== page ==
The Swiss-based, venture capital-backed, direct air capture technology developer Climeworks is partnering with a joint venture between the government of Norway and massive European energy companies to map the pathway for a business that could provide not only the direct capture of carbon dioxide emissions from air, but the underground sequestration and storage of those emissions.
The deal could pave the way for a new business that would offer carbon capture and sequestration services to commercial enterprises around the world, if the joint venture between the Climeworks and the newly formed Northern Lights company is successful. It would mean the realization of a full-chain carbon dioxide removal service that the two companies called a necessary component of the efforts to reverse global climate change.
Northern Lights was incorporated in March as a joint venture between Equinor, Shell and Total to provide processing, transportation and underground sequestration services for captured carbon dioxide emissions. The business is one of the lynchpins in the Norwegian government’s efforts to capture and store carbon emissions safely underground under a plan called The Longship Project.
“There is growing awareness of the need to build capacity to remove CO2 from the atmosphere to achieve net zero by 2050. We are enthusiastic about this collaboration with Climeworks. Combined with safe and permanent storage, direct air capture has the potential to get the carbon cycle back in balance,” said Børre Jacobsen, the Managing Director of Northern Lights, in a statement.
The two companies are hoping to prove that Northern Lights facilities combined with Climeworks direct air capture technologies can prove to be a part of a push towards negative emissions technologies that allow companies in non-industrial sectors to become either carbon neutral or carbon negative.
There are a number of caveats to the project, which reveal both the potential promise and pitfalls of direct air capture initiatives and sequestration and monitoring projects.
The first issue is the need to set a global price for carbon dioxide emissions that would take to make the projects economically viable.
“There is one legislation worldwide that is paying for direct air capture of CO2 and that is the Low Carbon Fuel Standard in California,” said Christoph Gelbad, the co-chief executive and co-founder of Climeworks. “It’s paying up to $200 per ton… this price range is the price range that will be needed to make this full chain, really going from the atmosphere to direct air capture to underground storage and monitoring. That will be the price range needed to build up the infrastructure and finance it.”
That price is on the highest end of any that world leaders have discusses as a potential cost for carbon emitting industries (and it’s well below the price that China has set for carbon emissions, which is important to note given the scale of China’s contribution to the production of greenhouse gases that cause global warming).
Beyond any pricing concerns associated with making these direct air carbon capture and storage solutions viable, there’s the scale at which these projects would need to be developed to make a real dent in global emissions.
Here again, Gelbad offers a clear-eyed assessment of his company’s capabilities and the size of the problem.
“The numbers given by science 10 to 20 billion tons of CO2 for removal,” Gelbad said. “Direct Air Capture will need to grow at a gigaton scale. This [potential] site will be in the megaton scale. [But] this is the range where our journey together with Northern Lights definitely could go. We see it going into the megaton ranges.”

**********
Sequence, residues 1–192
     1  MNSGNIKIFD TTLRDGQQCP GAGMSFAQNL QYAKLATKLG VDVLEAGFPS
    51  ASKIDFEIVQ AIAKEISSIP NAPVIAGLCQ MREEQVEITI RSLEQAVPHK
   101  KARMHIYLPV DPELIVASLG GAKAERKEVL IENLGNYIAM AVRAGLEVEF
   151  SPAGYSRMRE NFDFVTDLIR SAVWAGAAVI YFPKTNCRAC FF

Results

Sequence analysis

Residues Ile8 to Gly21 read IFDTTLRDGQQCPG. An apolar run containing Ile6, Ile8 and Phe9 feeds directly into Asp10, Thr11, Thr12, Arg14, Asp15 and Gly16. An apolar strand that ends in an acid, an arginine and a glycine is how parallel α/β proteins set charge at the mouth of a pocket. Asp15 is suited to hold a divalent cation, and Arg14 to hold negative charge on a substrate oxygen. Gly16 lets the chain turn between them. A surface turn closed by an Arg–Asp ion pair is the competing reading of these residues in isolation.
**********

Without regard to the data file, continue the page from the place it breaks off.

Climeworks uses renewable energy and waste heat to power modular collectors that can be stacked into machines at any size. The only limit to the company’s ability to capture carbon dioxide is the availability of power, according to Gelbad.
The company already has a collaboration with an Icelandic company called Carbfix, where the Climeworks technology is used to capture carbon dioxide and store it in mineralized basalt. The company said in a statement that it’s looking globally for other opportunities for permanent carbon dioxide storage and that the Northern Lights solution of deep geological sequestration in an offshore saline aquifer under the North Sea represents an ideal alternative site.
To develop its technology, Climeworks has raised over $150 million from investors including the Swiss lender Zuercher Kantonalbank.
For its part, Northern Lights is already planning on capturing carbon dioxide from industrial point sources in the Oslo region, which will then be shipped to an onshore terminal on the Norwegian coast. A facility there will transport the liquefied carbon dioxide by pipeline to an offshore storage location 1.62 miles below the seabed in the North Sea.
“Northern Lights is offering carbon capture and sequestration as a service. From the idea of doing this project and from the early days of working with the ministry … my biggest surprise was the level of interest in [carbon capture and sequestration] among emitters in Europe,” said Jacobsen. “This awareness. This interest. And the need to find a solution is accelerating. We are talking about what are the possibilities and what are the solutions. Northern Lights offers a great part of the value chain.”
Some companies are already interested in becoming early customers for the project, Jacobsen said. “We have a number of MOUs and confidentiality agreements with customers and letters of support. Big interest in discussing with us. The key will be that we have to bring conversations into agreements so that we can bring this business forward.”